Prices Of GPUs May Soon Fall Below MSRP, Causing a 'Surge' of Gamers Purchasing Computers

Prices Of GPUs May Soon Fall Below MSRP, Causing a 'Surge' of Gamers Purchasing Computers

As more individuals create their PCs in the second half of 2022, Corsair expects GPU supply to increase and prices to return to MSRP. Perhaps we'll see price labels drop below recommended cost with discounts.

Corsair's CEO, Andy Paul, recently announced the company's Q1 financial results. They noted that the quarter saw "positive underlying growth trends" in playing games hardware, despite continued headwinds. The chief executive specifically addressed the situation surrounding self-build PCs and graphics cards.

According to PC Gamer, in Q1 2022, GPUs were the most expensive single component in a gaming PC. It costs around 150 percent more than MSRP on average. But even with that premium, Paul stated that "gaming PC build activity [was] slightly higher than pre-pandemic and pre-GPU shortage levels."

"We expect GPU cards to be back to MSRP in the near term, possibly discounted below MSRP," Paul continued. As GPU and CPU components become more widely available and competitively priced, we foresee a boom in self-built gaming PC activity in 2H22 and 2023. Peripherals are seeing a similar upward trend."

In 2022, Why Are GPU Prices So High?

It's not that GPU prices are sky-high in 2022; instead, they've been continuously rising since 2021.


Picture: ComputerInforBits

The epidemic, which interrupted the supply chain, contributed to the significant price increase. However, there were other events to consider.

During the lockdown in several nations, many people went to their gaming sessions. They felt they needed to upgrade their computers. Others, who were more focused on crypto mining and GPUs, sold like hotcakes. When you include in the inevitable scalpers, it's easy to see why GPU costs are higher. However, prices have dropped little during the last few months.

Should You Invest In A New GPU Now?

The GPU pricing we've seen so far this month is fantastic. We noticed a 5% loss in January, which grew to roughly 8% in February and 12 percent in March. We've seen an extra 15% drop for both new and used graphics cards in April.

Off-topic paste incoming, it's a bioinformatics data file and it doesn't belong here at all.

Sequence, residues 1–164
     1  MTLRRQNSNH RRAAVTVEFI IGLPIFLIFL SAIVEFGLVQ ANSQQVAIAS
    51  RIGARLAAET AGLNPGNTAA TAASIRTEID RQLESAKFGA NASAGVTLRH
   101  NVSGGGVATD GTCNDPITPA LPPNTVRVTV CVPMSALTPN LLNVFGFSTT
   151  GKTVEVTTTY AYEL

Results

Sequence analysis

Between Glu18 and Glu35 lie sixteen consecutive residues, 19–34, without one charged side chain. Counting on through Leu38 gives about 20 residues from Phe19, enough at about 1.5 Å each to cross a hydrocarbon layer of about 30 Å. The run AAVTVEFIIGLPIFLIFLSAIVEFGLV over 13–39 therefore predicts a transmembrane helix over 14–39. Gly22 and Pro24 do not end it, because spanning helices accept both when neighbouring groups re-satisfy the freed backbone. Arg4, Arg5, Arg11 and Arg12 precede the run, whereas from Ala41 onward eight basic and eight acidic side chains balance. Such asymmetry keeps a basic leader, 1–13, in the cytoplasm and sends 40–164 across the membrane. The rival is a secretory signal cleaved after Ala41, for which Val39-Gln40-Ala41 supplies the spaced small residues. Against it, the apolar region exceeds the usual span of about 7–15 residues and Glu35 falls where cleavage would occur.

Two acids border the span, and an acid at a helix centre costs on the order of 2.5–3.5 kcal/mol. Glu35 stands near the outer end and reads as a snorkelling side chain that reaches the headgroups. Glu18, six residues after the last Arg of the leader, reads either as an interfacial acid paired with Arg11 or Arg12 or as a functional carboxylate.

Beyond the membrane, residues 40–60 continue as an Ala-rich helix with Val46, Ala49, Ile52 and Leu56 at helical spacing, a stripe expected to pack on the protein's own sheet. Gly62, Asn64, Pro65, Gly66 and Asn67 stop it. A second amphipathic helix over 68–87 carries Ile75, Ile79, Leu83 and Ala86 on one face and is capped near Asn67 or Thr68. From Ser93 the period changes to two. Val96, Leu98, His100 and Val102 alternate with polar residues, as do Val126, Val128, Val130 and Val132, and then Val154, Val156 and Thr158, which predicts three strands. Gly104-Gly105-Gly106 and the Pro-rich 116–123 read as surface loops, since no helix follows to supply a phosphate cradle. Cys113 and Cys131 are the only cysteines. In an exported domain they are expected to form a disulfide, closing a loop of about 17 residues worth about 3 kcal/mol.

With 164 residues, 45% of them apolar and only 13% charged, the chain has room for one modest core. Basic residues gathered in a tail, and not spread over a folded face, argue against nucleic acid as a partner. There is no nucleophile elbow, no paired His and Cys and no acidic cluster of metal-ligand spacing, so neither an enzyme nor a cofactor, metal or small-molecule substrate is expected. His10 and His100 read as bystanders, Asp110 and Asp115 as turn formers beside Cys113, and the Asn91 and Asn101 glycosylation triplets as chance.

Assuming you have the patience to wait, we believe this situation can be divided into two market sectors. It doesn't make sense for high-end purchasers to spend a lot of money on current-gen GPUs at or above MSRP right now. AMD, especially Nvidia, will likely release high-end products when next-gen GPUs are released. It will quickly degrade the status of those high-end, low-value products.

A GPU like RTX 3090 Ti, which was just released for $2,000, could be overtaken by something faster at a comparable price later this year. With the current cost, we don't believe cards with MSRPs over $700 are a good investment right now. We'd like to see the RTX 3080's price drop to around $700.


Picture: Leadtek

Even when additional high-end GPUs are released, mainstream GPUs will remain in the $300 range, as Nvidia did with the GeForce 16 series after Ampere was released. If you keep waiting, you might see a slight price reduction. Still, no significant price-to-performance improvements are on the horizon.

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Paul Syverson
Paul Syverson
Paul Syverson is the founder of Product Reviews. Paul is a computer scientist; he used to carry out a handful of significant studies which contributed to bringing in many special features on the site. He has a huge passion for computers and other tech products. He is always diligent in delivering quality writings to bring the most value to people.